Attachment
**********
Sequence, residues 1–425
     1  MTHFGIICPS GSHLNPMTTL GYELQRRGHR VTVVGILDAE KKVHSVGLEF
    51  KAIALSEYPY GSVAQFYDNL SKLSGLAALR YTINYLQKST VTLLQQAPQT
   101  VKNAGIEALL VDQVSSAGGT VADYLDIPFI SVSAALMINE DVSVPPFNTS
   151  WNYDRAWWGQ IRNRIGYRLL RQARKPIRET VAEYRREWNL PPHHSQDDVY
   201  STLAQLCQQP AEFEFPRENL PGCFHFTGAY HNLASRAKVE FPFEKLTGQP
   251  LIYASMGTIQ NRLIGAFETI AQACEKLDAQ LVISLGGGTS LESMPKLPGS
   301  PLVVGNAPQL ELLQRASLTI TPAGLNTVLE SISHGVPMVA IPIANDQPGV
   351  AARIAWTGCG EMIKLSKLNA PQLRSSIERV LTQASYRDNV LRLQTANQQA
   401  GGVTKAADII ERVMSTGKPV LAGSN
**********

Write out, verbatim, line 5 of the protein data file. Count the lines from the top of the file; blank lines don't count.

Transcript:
   151  WNYDRAWWGQ IRNRIGYRLL RQARKPIRET VAEYRREWNL PPHHSQDDVY